Cartier’s famed Collection Privée Cartier Paris (CPCP) was the jeweller’s answer to the growing demand for men’s timepieces with high-quality mechanical calibres. Launched at SIHH in 1998, the CPCP was intended to showcase Cartier’s most iconic designs, including the Santos Dumont, Tortue, Tonneau, Tank Basculante, Tank Asymétrique and Cloche, among others. Due to lukewarm sales, the collection was phased out after a decade. Harking back to the CPCP, Cartier’s Collection Privé was quietly launched in 2017 and has, over the last four years, been used as a platform to release numbered and limited edition runs of Cartier’s iconic case shapes, starting with the Crash in the line’s inaugural year. The Crash was followed by the Tank Cintrée, the Tonneau, and the Asymétrique in the succeeding years. 2021 marks the Cloche’s turn in the spotlight.
The cloche shape (French for “bell”) made its first appearance in the house of Cartier as a diamond and onyx watch-brooch in 1920 and was so named because, when placed horizontally, its outline was reminiscent of a service bell one might find in a hotel lobby. The first cloche wristwatch, a diamond-set reference in platinum, was released in 1921. Between 1921 and 1970, Cartier created several Cloche models, but the Cloche remained a low-volume piece until it was relaunched as part of the Louis Cartier collection in 1984, this time as a quartz watch. The Cloche de Cartier made its next appearance in 1995 as a limited run of 200 pieces in yellow gold, with Arabic numerals, pomme hands, and a mechanical movement. These were the first Cloche de Cartier watches that could be both worn on the wrist and placed on a table for use as a desk clock. The last modern incarnation of the Cloche de Cartier was released in 2007, in a limited run of 100 pieces in yellow gold in the CPCP. The pomme hands from the last iteration were carried over, but the Arabic numerals of the previous iteration were swapped for Roman numerals, which are more closely associated with Cartier’s design language.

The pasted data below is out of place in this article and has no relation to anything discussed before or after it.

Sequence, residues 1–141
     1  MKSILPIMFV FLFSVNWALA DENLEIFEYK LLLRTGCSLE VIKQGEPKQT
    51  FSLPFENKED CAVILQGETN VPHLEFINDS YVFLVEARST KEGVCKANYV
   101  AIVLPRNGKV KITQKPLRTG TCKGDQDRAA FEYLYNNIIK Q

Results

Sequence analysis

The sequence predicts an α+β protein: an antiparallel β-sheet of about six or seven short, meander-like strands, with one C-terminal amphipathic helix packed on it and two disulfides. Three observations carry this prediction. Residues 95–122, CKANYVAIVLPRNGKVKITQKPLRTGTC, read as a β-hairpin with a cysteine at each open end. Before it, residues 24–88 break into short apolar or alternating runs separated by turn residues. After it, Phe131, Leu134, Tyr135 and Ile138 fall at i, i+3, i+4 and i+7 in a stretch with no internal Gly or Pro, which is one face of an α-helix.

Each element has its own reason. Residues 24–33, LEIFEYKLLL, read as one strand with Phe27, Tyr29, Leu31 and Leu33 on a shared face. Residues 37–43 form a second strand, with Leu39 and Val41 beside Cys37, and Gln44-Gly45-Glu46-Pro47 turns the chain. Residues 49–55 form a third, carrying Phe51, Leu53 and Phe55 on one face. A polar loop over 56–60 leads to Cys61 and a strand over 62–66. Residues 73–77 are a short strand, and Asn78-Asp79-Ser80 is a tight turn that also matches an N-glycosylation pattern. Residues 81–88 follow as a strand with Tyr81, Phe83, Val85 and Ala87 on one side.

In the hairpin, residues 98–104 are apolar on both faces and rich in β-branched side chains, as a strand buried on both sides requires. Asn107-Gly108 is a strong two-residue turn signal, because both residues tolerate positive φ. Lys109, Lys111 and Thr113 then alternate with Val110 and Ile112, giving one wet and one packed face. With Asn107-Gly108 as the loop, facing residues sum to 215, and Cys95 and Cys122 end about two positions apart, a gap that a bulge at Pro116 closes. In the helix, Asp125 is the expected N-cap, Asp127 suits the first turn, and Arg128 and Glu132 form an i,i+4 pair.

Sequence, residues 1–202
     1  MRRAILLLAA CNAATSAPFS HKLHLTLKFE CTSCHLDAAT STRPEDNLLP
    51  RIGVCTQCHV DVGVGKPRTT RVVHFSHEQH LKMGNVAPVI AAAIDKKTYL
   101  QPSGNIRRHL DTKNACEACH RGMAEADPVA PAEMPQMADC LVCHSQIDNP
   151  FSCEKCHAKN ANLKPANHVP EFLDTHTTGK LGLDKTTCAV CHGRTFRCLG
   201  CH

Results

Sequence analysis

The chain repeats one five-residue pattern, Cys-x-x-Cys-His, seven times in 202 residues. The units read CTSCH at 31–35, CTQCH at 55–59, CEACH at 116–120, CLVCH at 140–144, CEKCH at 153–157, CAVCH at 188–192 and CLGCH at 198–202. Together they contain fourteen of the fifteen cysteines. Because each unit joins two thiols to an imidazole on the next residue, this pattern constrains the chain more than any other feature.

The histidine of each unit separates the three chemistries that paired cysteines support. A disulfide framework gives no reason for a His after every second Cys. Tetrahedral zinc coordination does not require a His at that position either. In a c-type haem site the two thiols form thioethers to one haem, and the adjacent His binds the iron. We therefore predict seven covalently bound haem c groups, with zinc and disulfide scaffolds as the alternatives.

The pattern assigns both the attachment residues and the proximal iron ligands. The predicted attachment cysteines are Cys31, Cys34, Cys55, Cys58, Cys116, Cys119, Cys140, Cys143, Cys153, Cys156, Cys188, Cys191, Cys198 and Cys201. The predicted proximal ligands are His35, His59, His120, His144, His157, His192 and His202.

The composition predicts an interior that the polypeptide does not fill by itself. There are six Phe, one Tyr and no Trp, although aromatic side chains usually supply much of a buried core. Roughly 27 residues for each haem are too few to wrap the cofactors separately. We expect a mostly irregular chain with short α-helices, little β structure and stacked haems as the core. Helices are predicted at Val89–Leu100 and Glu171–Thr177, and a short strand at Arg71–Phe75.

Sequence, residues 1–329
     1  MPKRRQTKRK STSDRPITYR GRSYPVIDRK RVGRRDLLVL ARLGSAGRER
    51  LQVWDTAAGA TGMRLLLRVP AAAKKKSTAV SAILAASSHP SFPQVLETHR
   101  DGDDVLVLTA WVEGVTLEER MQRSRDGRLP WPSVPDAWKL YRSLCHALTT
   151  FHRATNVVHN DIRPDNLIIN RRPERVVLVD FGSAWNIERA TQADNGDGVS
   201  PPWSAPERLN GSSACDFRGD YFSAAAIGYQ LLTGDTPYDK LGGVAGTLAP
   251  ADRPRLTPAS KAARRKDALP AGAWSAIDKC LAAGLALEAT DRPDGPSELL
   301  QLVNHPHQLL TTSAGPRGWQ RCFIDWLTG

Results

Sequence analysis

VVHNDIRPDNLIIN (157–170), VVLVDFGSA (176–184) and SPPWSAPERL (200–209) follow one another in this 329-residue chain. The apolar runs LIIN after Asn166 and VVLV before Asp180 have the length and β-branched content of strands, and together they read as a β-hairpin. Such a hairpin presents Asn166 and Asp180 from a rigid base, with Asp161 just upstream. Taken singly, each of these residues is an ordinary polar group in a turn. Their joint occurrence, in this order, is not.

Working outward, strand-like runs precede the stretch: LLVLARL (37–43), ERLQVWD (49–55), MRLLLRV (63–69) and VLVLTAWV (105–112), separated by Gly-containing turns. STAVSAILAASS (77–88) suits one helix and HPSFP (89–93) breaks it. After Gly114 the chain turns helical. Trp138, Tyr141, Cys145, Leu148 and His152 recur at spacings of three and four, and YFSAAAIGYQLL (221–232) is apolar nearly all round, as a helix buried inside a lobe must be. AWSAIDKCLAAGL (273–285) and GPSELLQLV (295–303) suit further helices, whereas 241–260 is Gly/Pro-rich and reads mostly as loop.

The Face-lifted Cloche de Cartier, in three variants
The new Cloche de Cartier preserves the iconic case shape from the 1920s and gives the dial a facelift for a more modern and refined look. The case measures a compact 37.15mm by 28.75mm – a traditional size for a classically styled men’s dress piece – and is finished almost entirely in high polish; only the case flank at 6 o’clock (the surface upon which to set the watch for use as a desk clock) and the caseback are brushed. Despite the asymmetrical case, the Cloche de Cartier has conventional lugs. The gold models have crowns set with a sapphire cabochon, whereas the platinum model’s crown is set with a ruby, as is traditionally the case for platinum Cartier watches.
Like previous Cartier Privé releases, the Cloche de Cartier will be available in three case metals: yellow gold, pink gold, and platinum, each in a numbered and limited edition of 100. The most opulent of the new Cloche models, the yellow gold reference comes outfitted with a golden-coloured dial with a fine radially brushed finish and blued steel sword hands. The minutes are delineated on a railroad track in black that traces the curvature of the case. Also in black, the hour numerals are pad-printed Roman numerals. The pink gold reference has the most contemporary aesthetic, with an anthracite grey sunburst dial and a white railroad minutes track. Matching the pink gold hands, the hour numerals are printed in matching metallic pink gold ink.
The platinum reference is the most understated and offers the greatest legibility of the three, with blued steel hands contrasting against a matte cream-coloured dial with black printing. All variants have the Cartier signature hidden in the Roman numeral seven.
The case’s size and shape necessitate the use of the small and thin in-house calibre 1917 MC. A hand-wound movement that is only 2.9mm thick, the calibre 1917 was originally designed for ladies’ timepieces and is also found in the Cartier Privé Tank Asymétrique and the Cartier Privé Tonneau. The movement has a 38-hour power reserve and beats at a frequency of 21,600 vibrations per hour.
More details about the watches at cartier.com.